Harvesting consent: South Asian tea plantation workers’ experience of fairtrade certification

Karin Astrid Siegmann*

*Corresponding author for this work

Research output: Contribution to journalArticleAcademicpeer-review

2 Citations (Scopus)
81 Downloads (Pure)

Abstract

Fairtrade certification of plantations seeks to productively intervene in the continuity of exploitative labor conditions that tea plantation workers in South Asia have experienced since the plantations’ inception under colonial rule. Based on a mixed methods study conducted in 2016 in India and Sri Lanka, this article engages with the puzzling reinterpretation of certification as a reward for workers’ commitment rather than for management's compliance. By taking labor process theory on a journey to transnational labor governance in Indian and Sri Lankan tea plantations, the article argues that Fairtrade certification provides plantation companies with tools to ‘harvest workers’ consent’ to management's pursuit of profit.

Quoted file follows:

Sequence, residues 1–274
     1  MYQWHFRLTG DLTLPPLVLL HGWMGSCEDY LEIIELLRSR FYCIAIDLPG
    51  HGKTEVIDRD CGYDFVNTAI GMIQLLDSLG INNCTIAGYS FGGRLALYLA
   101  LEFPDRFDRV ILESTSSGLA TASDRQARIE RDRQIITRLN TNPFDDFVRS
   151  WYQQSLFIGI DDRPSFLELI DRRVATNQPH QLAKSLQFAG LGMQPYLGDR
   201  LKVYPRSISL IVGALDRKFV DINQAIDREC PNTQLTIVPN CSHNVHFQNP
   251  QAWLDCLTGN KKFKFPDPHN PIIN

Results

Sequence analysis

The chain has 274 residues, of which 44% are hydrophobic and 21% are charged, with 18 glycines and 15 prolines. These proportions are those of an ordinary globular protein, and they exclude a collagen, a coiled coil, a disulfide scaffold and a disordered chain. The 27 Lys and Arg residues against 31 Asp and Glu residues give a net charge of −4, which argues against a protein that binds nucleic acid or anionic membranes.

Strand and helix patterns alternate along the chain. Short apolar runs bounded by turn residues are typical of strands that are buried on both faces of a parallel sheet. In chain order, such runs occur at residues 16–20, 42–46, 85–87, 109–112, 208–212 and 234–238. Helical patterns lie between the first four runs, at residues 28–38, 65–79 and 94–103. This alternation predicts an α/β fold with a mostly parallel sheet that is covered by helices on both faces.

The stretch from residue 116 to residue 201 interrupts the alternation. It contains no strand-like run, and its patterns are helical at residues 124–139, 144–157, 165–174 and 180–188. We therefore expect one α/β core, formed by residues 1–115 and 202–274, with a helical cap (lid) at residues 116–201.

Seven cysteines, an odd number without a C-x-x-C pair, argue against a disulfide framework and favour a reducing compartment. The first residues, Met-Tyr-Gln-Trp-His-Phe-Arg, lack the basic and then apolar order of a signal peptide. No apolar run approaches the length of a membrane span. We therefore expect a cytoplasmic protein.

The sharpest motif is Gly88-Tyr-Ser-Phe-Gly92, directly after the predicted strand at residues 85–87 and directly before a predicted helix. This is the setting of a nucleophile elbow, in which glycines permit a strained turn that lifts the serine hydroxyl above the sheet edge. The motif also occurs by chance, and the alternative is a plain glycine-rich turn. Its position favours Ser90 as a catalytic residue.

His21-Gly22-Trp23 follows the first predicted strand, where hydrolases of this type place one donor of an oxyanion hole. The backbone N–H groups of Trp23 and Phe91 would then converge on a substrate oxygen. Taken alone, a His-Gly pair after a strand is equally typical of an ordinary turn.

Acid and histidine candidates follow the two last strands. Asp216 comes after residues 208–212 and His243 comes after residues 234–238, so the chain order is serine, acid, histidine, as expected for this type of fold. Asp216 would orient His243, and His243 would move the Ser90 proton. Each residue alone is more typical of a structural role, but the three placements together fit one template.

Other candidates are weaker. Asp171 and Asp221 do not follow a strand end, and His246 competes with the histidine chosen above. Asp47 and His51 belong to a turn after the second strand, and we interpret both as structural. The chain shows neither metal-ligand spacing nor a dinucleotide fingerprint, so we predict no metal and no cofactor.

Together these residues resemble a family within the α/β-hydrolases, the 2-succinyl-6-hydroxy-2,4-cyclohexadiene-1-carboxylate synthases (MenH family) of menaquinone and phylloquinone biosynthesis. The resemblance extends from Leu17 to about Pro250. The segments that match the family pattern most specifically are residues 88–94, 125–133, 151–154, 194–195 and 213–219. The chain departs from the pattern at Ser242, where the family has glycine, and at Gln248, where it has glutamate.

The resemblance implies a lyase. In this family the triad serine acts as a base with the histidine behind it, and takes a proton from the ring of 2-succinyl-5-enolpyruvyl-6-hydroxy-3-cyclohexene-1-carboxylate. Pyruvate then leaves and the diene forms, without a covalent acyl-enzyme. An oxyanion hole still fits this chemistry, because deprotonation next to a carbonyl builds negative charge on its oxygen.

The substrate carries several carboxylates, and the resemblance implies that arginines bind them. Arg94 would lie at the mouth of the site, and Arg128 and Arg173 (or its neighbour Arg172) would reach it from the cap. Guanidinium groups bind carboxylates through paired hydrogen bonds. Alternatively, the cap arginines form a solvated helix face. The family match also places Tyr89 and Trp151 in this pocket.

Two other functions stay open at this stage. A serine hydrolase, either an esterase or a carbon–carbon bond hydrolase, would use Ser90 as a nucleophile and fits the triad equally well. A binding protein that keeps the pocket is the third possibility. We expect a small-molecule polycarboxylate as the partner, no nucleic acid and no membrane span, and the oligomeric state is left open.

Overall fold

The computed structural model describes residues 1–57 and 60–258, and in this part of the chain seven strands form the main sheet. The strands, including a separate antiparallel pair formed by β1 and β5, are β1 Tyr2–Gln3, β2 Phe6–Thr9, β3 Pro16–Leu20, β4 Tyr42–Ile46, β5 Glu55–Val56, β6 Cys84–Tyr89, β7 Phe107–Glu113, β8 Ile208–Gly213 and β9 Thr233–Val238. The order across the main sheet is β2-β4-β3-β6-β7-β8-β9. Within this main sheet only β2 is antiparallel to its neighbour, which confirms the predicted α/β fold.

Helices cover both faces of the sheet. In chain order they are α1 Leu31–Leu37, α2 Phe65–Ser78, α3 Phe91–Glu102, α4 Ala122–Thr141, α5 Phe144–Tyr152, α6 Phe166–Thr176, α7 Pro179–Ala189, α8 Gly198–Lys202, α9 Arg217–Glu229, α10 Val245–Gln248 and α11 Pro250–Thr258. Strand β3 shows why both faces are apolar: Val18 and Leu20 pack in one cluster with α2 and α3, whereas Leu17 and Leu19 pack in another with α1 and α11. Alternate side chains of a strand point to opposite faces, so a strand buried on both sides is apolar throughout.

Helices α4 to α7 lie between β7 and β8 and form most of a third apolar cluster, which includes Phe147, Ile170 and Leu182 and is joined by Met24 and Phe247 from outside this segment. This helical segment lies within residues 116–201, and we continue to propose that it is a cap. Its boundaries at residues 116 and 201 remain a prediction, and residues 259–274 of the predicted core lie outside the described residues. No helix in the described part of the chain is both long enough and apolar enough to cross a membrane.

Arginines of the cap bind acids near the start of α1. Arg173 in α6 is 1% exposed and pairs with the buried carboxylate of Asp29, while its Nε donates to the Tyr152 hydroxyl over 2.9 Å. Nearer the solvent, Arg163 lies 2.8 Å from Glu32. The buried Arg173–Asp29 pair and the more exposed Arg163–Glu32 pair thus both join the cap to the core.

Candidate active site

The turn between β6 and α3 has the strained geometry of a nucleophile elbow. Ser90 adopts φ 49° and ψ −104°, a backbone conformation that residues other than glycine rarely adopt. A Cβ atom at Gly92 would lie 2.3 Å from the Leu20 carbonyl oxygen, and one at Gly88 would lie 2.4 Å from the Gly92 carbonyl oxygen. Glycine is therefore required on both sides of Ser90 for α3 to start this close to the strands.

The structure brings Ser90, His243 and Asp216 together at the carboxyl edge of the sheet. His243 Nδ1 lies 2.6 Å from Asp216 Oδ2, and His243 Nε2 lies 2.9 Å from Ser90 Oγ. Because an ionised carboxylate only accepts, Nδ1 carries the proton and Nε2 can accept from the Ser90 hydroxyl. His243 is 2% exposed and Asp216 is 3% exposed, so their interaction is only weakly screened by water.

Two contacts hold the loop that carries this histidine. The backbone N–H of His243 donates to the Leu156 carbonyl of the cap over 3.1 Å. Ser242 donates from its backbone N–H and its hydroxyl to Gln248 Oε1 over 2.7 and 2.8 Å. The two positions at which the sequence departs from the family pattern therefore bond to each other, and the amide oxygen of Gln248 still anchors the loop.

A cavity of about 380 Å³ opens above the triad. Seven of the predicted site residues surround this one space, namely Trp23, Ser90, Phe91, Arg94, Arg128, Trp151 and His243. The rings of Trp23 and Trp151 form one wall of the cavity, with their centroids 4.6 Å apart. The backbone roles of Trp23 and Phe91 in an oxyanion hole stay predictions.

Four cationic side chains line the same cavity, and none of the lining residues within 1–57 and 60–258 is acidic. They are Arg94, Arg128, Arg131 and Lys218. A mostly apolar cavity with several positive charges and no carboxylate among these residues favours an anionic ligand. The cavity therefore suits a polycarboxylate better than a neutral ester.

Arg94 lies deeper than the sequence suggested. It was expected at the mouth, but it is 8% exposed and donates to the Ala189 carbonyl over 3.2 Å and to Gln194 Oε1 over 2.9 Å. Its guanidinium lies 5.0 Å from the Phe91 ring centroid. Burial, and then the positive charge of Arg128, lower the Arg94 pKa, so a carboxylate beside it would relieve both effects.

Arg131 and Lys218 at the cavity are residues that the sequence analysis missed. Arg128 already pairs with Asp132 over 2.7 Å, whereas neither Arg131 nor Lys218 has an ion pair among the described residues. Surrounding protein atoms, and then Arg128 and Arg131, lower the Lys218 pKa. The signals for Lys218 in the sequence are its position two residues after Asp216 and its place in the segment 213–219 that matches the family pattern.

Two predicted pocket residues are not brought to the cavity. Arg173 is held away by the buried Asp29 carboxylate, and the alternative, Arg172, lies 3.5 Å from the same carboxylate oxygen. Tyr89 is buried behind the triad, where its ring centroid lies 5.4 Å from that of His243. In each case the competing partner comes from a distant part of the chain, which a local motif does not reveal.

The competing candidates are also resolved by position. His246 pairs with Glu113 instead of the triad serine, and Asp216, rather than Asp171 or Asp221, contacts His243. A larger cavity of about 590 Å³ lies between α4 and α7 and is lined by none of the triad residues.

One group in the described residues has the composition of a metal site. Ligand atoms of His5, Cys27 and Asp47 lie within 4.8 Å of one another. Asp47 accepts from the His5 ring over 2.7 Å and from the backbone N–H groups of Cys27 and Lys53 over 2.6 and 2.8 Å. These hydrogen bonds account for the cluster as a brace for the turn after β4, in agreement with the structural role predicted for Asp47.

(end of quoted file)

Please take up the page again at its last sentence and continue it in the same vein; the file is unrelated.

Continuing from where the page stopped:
Original languageEnglish
Pages (from-to)2050-2074
Number of pages25
JournalJournal of Peasant Studies
Volume50
Issue number5
Early online date16 May 2022
DOIs
Publication statusPublished - 2022

Bibliographical note

Funding
The research underlying this article was supported by Fairtrade International.

Publisher Copyright:
© 2022 The Author(s). Published by Informa UK Limited, trading as Taylor & Francis Group.

Research programs

  • ISS-GLSJ
  • ISS-CI

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